How vainly men themselves amaze To win the palm, the oak, the bays, And their incessant labours see Crowned from single herb or tree, Whose short and narrow-verged shade Does prudently their toils upbraid; While all flowers and all trees do close To weave the garlands of repose. Fair quiet have I found thee here And innocence thy sister dear? Mistaken long, I sought you then In busy companies of men; Your sacred plants, if here below, Only among the plants will grow: Society is all but rude To this delicious solitude. What wondrous life is this I lead! Ripe apples fall about my head: The luscious clusters of the vine Upon my mouth do crush their wine. The nectarine and curious peach Into my hands themselves do reach; Stumbling on melons as I pass, Ensnared with flowers, I fall on grass. Meanwhile the mind from pleasure less Withdraws into its happiness; The mind, that ocean where each kind Doth straight its own resemblance find; Yet it creates, transcending these, Far other worlds, and other seas; Annihilating all that’s made To a green thought in a green shade.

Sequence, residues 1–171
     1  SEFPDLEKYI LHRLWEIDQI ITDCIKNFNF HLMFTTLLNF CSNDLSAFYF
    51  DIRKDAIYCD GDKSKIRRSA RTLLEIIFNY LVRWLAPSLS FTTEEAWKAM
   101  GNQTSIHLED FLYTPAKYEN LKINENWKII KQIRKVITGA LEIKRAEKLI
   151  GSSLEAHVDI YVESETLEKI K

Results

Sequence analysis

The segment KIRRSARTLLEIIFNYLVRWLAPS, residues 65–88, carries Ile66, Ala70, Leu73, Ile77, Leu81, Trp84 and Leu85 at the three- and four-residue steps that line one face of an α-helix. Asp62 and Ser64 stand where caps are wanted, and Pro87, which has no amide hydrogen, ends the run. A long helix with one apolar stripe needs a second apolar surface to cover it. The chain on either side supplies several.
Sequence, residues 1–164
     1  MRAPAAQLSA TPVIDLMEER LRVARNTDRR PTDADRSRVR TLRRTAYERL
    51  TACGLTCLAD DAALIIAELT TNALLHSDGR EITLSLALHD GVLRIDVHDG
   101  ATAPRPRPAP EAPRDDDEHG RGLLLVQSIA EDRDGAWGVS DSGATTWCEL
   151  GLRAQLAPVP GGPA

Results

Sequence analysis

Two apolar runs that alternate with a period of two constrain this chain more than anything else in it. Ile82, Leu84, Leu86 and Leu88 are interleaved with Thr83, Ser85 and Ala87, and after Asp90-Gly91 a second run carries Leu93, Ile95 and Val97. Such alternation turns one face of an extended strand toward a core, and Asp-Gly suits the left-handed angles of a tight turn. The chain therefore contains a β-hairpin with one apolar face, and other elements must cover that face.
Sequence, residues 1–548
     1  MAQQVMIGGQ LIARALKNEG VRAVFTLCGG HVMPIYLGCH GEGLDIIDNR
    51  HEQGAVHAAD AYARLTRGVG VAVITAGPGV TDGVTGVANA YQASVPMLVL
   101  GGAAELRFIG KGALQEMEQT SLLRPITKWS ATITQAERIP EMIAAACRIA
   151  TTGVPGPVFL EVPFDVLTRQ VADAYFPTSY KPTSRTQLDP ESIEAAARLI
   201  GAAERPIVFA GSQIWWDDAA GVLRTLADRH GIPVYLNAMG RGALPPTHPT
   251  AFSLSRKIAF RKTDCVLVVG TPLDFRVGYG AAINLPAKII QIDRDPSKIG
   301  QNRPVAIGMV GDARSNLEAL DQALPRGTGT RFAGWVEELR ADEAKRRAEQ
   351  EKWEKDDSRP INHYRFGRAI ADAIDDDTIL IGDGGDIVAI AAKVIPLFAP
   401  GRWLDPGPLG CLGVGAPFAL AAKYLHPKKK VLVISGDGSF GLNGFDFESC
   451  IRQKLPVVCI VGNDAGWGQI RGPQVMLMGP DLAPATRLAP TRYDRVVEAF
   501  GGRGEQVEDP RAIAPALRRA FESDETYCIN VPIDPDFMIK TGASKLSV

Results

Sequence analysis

- by Andrew Marvell (1621 - 1678) [author's text not yet checked against a primary source]
Musical settings (art songs, Lieder, mélodies, (etc.), choral pieces, and other vocal works set to this text), listed by composer (not necessarily exhaustive)
Researcher for this text: Mike Pearson
This text was added to the website: 2015-02-17
Line count: 32
Word count: 188